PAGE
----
47. ^ "India, China exchange maps to resolve border dispute". The Times of India. PTI. 29 November 2002.
  48. ^ Joshi, Manoj (8 June 2020). "Indo-China row signals breakdown of confidence building measures". ORF.
  49. ^ Menon, Choices (2016), p. 21 (ebook).
  50. ^ Krishnan, Ananth (30 July 2020). "Clarifying LAC could create new disputes: Chinese envoy". The Hindu. ISSN 0971-751X.
  51. ^ Menon, Choices (2016), p. 32–34.
  52. ^ Wheeler, Travis (10 May 2019). "Clarify and Respect the Line of Actual Control". Stimson Center.
  53. ^ a b c d e f g Subramanian, Nirupama; Kaushik, Krishn (20 September 2020). "Month before standoff, China blocked 5 patrol points in Depsang". The Indian Express.
  54. ^ a b c d e f g Singh, Sushant (13 July 2020). "Patrolling Points: What do these markers on the LAC signify?". The Indian Express.
  55. ^ Menon, Choices (2016), p. Chapter 1: Pacifying the Border. The 1993 Border Peace and Tranquility Agreement with China.
  56. ^ a b c "India-China LAC Standoff: Know what are patrolling points and what do they signify". The Financial Express. 9 July 2020.
  57. ^ a b Singh, Vijaita (18 September 2020). "LAC standoff | 10 patrolling points in eastern Ladakh blocked by Chinese People's Liberation Army, says senior official". The Hindu. ISSN 0971-751X.
  58. ^ Patrolling points do not define the Indian claim in East Ladakh LAC, Hindustan Times, 26 Sept 2022.
  59. ^ Has India lost 26 of 65 patrolling points to China in Ladakh?, The Week, 25 Jan 2023
  60. ^ a b c Ladakh: Local Herders Clash With Chinese Soldiers Over Access to Grazing Land, The Wire, 30 Jan 2024.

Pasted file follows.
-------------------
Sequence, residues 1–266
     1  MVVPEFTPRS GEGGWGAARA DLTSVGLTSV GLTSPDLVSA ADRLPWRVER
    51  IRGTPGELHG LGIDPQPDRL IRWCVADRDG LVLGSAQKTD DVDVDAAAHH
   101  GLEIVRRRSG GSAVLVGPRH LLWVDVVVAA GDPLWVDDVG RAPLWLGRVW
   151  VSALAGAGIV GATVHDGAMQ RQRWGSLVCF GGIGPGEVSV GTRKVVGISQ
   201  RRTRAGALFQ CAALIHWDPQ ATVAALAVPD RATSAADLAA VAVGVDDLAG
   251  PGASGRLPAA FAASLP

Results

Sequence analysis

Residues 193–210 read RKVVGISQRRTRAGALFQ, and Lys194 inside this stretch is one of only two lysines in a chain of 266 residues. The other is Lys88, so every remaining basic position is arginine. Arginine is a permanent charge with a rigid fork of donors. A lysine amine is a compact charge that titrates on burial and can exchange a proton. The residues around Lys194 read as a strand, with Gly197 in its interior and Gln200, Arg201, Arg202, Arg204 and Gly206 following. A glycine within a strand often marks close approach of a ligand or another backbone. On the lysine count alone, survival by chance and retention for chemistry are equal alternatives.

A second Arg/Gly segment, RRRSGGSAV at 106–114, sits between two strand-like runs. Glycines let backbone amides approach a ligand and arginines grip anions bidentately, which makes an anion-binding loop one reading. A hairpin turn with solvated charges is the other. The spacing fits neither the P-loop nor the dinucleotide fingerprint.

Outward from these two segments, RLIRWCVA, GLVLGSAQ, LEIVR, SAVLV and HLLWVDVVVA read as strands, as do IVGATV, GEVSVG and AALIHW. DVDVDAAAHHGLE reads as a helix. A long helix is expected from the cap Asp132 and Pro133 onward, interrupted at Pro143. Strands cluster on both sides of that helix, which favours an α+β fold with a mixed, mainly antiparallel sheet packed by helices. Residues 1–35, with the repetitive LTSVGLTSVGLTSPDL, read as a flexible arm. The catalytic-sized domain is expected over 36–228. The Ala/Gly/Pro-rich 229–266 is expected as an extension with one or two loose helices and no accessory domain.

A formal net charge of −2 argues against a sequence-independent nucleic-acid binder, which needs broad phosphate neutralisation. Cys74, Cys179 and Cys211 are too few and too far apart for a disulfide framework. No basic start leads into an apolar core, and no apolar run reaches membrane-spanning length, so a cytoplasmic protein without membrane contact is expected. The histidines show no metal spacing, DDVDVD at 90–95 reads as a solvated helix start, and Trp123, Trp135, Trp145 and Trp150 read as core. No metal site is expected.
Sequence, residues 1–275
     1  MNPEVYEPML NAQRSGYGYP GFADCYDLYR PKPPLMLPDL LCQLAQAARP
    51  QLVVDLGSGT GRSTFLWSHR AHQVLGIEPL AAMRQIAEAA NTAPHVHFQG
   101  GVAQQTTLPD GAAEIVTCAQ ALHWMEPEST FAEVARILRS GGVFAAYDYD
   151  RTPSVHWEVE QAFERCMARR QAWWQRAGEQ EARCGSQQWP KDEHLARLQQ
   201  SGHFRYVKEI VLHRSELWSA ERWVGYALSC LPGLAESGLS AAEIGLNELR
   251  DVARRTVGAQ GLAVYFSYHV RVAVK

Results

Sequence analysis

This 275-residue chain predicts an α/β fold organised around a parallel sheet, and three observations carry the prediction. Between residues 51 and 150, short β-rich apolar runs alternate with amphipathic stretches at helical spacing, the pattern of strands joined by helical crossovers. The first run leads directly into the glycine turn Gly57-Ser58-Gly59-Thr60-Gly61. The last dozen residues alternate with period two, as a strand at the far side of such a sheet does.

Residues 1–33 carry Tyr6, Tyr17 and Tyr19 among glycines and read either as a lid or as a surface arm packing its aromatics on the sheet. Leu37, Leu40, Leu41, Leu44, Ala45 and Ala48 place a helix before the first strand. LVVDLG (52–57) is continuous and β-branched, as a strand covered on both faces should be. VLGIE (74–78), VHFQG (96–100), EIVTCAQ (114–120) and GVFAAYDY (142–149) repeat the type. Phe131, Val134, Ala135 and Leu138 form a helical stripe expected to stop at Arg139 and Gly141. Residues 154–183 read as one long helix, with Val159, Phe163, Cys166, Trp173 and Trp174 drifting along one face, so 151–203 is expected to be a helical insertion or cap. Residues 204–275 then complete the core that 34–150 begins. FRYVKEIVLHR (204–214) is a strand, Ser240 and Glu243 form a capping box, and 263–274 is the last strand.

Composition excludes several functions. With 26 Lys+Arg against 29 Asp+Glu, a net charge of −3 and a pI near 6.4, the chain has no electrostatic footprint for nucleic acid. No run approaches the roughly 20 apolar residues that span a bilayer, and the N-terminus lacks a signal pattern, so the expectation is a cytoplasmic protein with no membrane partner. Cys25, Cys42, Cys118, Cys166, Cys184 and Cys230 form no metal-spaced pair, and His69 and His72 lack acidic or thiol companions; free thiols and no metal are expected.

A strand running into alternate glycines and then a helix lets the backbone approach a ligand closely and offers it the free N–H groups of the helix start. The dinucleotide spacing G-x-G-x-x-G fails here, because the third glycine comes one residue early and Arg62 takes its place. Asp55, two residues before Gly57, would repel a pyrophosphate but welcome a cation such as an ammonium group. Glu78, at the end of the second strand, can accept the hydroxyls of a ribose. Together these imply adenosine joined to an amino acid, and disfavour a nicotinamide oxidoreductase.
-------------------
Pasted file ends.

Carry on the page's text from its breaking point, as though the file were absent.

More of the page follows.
61. ^ a b c If India loses grip on Kailash Range, PLA will make sure we never get it back, The Print, 12 November 2020.
  62. ^ a b "India deploys troops and tanks in Ladakh to counter Chinese deployment". Deccan Chronicle. ANI. 4 August 2020.
  63. ^ 5 maps that tell you all you want to know about India vs China in Ladakh, The Print, 23 Sept 2020.
  64. ^ Lt. Gen. H. S. Panag, India, China’s stand on Hot Springs has 2 sticking points — Chang Chenmo, 1959 Claim Line Archived 2 July 2022 at the Wayback Machine, The Print, 14 April 2022.
  65. ^ Joshi, Eastern Ladakh (2021), p.11, Fig. 2
  66. ^ Stobdan, P. (26 April 2013). "The Ladakh drift". Retrieved 30 October 2020.
  67. ^ Chinese troops make 2 incursion attempts in Ladakh, Hindustan Times, 26 Jul 2014.
  68. ^ Srivastava, Niraj (24 June 2020). "Galwan Valley clash with China shows that India has discarded the 'differing perceptions' theory".
  69. ^ Krishnan, Ananth (24 May 2020). "What explains the India-China border flare-up?". The Hindu. ISSN 0971-751X.
  70. ^ Bedi, Lt Gen (Retd.) AS (4 June 2020). "India-China Standoff : Contracting Options in Ladakh".
  71. ^ a b Menon, Choices (2016), p. 3–4 (ebook), Chapter 1: Pacifying the Border. The 1993 Border Peace and Tranquility Agreement with China.


Further reading